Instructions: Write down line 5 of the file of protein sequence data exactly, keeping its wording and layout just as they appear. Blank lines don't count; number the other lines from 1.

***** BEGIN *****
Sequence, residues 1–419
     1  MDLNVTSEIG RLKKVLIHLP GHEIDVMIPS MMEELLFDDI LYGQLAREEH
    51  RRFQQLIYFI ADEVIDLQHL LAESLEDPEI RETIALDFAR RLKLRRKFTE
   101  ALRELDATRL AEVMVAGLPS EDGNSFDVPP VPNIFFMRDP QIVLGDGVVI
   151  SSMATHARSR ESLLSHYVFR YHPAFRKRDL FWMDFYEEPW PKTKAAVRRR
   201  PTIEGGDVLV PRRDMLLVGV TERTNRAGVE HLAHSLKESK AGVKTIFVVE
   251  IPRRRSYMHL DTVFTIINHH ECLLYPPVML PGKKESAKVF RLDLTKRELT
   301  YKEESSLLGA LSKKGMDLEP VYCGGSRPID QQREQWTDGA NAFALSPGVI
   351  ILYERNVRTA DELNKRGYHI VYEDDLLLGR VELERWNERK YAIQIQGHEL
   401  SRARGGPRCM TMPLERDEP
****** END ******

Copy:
   151  SSMATHARSR ESLLSHYVFR YHPAFRKRDL FWMDFYEEPW PKTKAAVRRR